As Martin Luther King said: ‘Hate begets hate; violence begets violence. Toughness begets a greater toughness.’
But my God, I understand the rage of the protesters.
And it’s just not good enough for white people like me to watch George Floyd die, shake our heads and say how awful it is, rant about the looters, then turn away and get on with our comparatively privileged lives.
This is a wake-up moment for all of us.
Yet the one person who could most powerfully effect change is doing the complete opposite.
President Trump had one job to do after this terrible killing – and that was to heal the raging wounds of fellow Americans.
To speak to them from the Oval Office, with love, and respect and empathy.
To say he understood their anger and would do everything in his power to stop more black people like George Floyd being killed by the very people charged with protecting their lives.
Instead, as America burned, Trump poured fuel onto the fire.
‘When the looting starts, the shooting starts,’ he tweeted on Friday.
This was a direct quote from racist Miami police chief Walter Headley in 1967, who referred to Civil Rights protests by saying: ‘There is only one way to handle looters and arsonists during a riot and that is to shoot them on sight. I’ve let the word filter down: when the looting starts, the shooting starts.’
Earlier that month, Headley had ‘declared war’ on crime and said his primary target was ‘aimed at young Negro males, from 15 to 21.’
So, here was the President of the United States effectively telling black people protesting at the murder of a black man by a police officer that more black people were now going to be killed by police officers.
It’s hard to imagine a more reckless, incendiary thing to say at such a tense time.
When his comments sparked fury, Trump tried to pretend he didn’t know the history behind the phrase.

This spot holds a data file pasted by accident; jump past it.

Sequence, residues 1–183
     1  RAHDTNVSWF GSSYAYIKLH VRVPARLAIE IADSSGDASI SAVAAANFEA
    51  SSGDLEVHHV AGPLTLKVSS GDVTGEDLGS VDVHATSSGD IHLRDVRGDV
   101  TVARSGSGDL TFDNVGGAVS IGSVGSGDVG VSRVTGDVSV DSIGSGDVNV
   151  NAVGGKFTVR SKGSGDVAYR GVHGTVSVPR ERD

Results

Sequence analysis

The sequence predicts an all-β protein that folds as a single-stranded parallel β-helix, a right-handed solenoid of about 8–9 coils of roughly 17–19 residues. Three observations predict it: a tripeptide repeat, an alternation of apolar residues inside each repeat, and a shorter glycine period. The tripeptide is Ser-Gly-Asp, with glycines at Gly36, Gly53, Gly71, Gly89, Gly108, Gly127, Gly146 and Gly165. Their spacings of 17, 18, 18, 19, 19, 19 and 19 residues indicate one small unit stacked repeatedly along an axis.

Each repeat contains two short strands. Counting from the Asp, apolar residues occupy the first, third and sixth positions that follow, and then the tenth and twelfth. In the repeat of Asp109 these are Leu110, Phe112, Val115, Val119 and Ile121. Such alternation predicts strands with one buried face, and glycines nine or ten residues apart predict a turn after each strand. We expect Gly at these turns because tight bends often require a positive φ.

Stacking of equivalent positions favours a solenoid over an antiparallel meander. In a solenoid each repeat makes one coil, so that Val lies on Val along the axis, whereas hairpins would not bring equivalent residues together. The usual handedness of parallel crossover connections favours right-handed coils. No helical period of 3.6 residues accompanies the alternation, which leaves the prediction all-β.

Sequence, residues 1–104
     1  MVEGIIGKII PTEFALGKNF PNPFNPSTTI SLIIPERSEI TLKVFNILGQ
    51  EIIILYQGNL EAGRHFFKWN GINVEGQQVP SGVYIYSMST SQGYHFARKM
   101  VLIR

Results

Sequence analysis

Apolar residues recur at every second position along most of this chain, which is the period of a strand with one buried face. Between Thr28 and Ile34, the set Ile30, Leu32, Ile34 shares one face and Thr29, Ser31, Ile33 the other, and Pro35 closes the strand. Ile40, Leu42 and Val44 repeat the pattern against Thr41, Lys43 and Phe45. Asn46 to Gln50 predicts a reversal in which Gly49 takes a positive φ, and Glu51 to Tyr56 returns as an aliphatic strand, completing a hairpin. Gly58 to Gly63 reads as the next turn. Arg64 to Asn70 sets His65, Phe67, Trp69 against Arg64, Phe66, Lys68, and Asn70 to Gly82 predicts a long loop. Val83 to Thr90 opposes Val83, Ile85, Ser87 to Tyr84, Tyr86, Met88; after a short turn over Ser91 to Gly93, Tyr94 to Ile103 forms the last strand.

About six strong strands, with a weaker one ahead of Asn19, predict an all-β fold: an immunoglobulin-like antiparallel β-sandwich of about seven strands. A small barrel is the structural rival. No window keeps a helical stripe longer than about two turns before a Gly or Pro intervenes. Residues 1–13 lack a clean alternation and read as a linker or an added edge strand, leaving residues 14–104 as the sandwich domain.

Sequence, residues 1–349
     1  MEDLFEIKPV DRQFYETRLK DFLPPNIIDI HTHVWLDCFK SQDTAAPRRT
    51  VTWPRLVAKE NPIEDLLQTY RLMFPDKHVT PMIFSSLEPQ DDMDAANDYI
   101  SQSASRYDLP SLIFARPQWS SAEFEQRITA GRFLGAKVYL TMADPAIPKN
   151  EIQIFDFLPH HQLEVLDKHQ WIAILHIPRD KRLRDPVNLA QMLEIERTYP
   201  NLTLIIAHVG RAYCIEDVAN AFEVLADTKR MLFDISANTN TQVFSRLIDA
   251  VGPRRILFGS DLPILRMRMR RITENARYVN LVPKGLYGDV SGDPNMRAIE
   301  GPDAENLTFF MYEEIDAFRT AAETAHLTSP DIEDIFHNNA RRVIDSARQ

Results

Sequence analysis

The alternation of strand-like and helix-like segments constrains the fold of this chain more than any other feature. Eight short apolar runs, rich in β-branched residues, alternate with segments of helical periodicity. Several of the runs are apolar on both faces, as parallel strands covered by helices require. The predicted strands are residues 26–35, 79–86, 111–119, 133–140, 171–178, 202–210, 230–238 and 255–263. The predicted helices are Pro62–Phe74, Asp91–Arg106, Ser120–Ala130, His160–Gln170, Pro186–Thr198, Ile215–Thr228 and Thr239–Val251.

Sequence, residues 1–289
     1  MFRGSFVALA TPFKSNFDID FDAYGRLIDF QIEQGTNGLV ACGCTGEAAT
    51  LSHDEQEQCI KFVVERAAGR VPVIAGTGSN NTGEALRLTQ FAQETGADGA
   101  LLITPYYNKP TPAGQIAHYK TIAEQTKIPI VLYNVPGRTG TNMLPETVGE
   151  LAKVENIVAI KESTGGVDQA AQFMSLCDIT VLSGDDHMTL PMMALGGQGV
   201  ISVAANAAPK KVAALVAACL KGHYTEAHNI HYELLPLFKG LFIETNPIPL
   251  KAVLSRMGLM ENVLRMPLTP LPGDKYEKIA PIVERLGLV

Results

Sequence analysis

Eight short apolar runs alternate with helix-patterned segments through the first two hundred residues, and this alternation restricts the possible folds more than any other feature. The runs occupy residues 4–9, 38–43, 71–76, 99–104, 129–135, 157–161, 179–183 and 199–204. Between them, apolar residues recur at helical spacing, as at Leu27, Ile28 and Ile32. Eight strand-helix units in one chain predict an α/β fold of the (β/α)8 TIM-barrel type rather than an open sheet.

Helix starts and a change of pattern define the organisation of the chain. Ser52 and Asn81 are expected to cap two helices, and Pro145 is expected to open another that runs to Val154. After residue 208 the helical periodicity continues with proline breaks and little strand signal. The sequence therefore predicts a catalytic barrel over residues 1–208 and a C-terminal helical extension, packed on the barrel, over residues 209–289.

But he knew what he was saying.
We all knew what he was saying.
And as with his spectacular ineptitude during the coronavirus pandemic that’s led to over 100,000 deaths in the U.S., Trump’s loose-tongued rhetoric has made things ten times worse.
Where he should heal, he’s divided.
Where he should calm, he’s inflamed.
Where he should lead, he’s failed.
As he always does, Trump has reacted to justified criticism by repeatedly lashing out at the ‘fake news media’, and unsurprisingly, a large number of journalists have been targeted by police in the past few days – arrested, pepper sprayed and shot at with rubber bullets.
The President, not content with encouraging police to shoot black protesters, wants them to see the media as the enemy too.
It’s a total disgrace, aimed to show his base supporters what a big tough guy he is.
But where did the big tough guy go when his comments led to large numbers of protesters converging outside the White House?
The President was taken by Secret Service agents to a secure underground bunker for his own safety. That’s where.
He even boasted he couldn’t have felt ‘more safe’, and warned there were dogs and heavy weaponry waiting for anyone who tried to get near him.
What a shame there were no dogs, heavy weaponry or Secret Service agents around to stop George Floyd being murdered.
The world is in crisis from a deadly virus and crying out for strong leadership.
Normally, this would be led by the United States of America.
But America is today in utter chaos, with the worst COVID-19 death toll, 40 million job losses, a devastated economy and now the worst racial equality riots since MLK was assassinated in 1968.
And the President’s response, which must be delighting rival superpowers like China, is to self-implode – hurling off his own verbal fire- bombs and then hiding in his bunker as they explode.
On Saturday, Trump went down to Florida to watch Elon Musk’s rocket Falcon 9 fire up into space.
It was a reminder to the world of America at its pioneering, buccaneering, inspiring best and a moment for millions of Americans to feel pride in their country.
But it was just a fleeting moment amid the mayhem that’s brought the country to its knees and left the rest of the world looking on aghast.
In 64 A.D. a great fire ravaged Rome for six days, destroying 70% of the city and leaving half the population homeless.
Emperor Nero, so legend has it, was safely tucked away in his villa 35 miles away, playing the fiddle. His people never forgave him.
America, already reeling from coronavirus, is now engulfed with anarchy.
And the President is shamefully fiddling as it burns.
SOURCE: Daily Mail, Piers Morgan